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How to Care for Mexican Feather Grass

By M.H. Dyer ; Updated September 21, 2017
feather grass image by japonka from Fotolia.com

Mexican feather grass is one of the loveliest of all the ornamental grasses, and retains its beauty from spring until early winter. In spring, Mexican feather grass can brighten up any landscape with its bright green color. In summer, feathery plumes will emerge from the grass, turning from green to golden as the summer progresses. Mexican feather grass is smaller than many ornamental grasses, and will be about 30 inches tall at maturity. Plant Mexican feather grass, and once it's established, it will require almost no maintenance.

Plant Mexican feather grass in well-drained soil, in sun or light shade. If you are planting more then one clump, plant the clumps approximately 18 inches apart. If you live in a climate where the winter temperatures routinely fall below 0 degrees Fahrenheit, plant Mexican feather grass in a container and bring it indoors during the winter.

Keep the soil damp for the first growing season, but don't water to the point that the soil is saturated. After the first year, normal rainfall will be adequate. Mexican feather grass is very drought resistant.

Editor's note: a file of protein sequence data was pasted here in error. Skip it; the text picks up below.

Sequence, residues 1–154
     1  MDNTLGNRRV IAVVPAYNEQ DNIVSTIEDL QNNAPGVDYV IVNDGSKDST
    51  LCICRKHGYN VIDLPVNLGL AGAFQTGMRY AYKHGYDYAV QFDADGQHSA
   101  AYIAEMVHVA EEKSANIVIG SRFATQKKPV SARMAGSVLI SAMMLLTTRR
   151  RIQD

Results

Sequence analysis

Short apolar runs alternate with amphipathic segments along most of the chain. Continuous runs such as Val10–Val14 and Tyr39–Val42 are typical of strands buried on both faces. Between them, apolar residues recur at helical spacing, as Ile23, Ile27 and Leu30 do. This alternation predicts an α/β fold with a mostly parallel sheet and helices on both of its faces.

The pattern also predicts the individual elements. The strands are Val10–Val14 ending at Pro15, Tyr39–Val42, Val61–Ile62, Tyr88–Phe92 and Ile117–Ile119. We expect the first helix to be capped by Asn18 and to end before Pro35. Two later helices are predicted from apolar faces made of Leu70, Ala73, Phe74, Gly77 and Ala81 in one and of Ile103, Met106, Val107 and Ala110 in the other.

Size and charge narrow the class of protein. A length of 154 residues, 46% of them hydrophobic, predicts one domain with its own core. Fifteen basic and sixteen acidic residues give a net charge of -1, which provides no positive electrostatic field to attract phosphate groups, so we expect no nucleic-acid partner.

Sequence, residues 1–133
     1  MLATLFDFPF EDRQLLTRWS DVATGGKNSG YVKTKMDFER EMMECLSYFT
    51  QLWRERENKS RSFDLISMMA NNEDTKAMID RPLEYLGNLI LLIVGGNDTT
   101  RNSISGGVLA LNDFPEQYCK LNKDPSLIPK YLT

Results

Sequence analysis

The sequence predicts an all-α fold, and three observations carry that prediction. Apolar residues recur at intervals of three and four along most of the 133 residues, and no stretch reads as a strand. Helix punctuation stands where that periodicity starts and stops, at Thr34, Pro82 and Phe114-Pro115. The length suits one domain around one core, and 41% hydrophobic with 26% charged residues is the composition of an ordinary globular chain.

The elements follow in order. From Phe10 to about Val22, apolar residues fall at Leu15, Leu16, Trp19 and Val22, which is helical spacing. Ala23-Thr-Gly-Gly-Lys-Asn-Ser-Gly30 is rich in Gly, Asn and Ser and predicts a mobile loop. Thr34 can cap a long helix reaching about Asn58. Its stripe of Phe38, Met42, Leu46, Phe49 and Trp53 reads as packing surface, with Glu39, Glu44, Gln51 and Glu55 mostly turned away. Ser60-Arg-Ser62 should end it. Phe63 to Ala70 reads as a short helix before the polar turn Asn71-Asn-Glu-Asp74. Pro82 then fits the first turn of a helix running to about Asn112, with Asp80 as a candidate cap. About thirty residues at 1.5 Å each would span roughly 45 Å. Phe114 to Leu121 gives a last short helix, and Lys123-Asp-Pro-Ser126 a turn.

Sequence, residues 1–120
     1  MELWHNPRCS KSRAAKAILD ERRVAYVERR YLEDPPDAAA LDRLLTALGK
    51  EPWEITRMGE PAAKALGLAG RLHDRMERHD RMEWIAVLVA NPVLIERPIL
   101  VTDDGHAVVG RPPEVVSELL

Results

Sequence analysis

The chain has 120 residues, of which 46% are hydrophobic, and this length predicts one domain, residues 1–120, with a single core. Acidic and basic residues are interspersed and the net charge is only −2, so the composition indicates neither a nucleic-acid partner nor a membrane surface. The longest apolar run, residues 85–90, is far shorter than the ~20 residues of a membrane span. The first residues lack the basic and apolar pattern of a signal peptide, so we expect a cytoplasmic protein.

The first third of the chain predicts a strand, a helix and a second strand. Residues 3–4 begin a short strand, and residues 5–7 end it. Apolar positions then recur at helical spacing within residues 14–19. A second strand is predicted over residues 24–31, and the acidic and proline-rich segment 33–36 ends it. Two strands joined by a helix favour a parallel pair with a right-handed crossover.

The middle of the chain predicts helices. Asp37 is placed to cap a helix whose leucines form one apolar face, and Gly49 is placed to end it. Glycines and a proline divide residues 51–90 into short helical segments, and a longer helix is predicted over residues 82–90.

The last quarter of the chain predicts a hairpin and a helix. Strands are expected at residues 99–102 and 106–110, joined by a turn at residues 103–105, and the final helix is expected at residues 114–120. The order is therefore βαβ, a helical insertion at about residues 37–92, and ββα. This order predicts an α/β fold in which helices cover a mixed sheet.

Prune Mexican feather grass in late winter, leaving only a few inches of grass. New foliage will appear in spring.


Things You Will Need

  • Mexican feather grass
  • Pruning shears


  • To dry Mexican feather grass for indoor arrangements, simply gather a bunch of grass, along with the long stems, and bind the grass together with rubber bands. Hang the Mexican feather grass upside down in a cool, well-ventilated room. To prevent the grass from shedding, spray it lightly with aerosol hair spray.

About the Author


M.H. Dyer began her writing career as a staff writer at a community newspaper and is now a full-time commercial writer. She writes about a variety of topics, with a focus on sustainable, pesticide- and herbicide-free gardening. She is an Oregon State University Master Gardener and Master Naturalist and holds a Master of Fine Arts in creative nonfiction writing.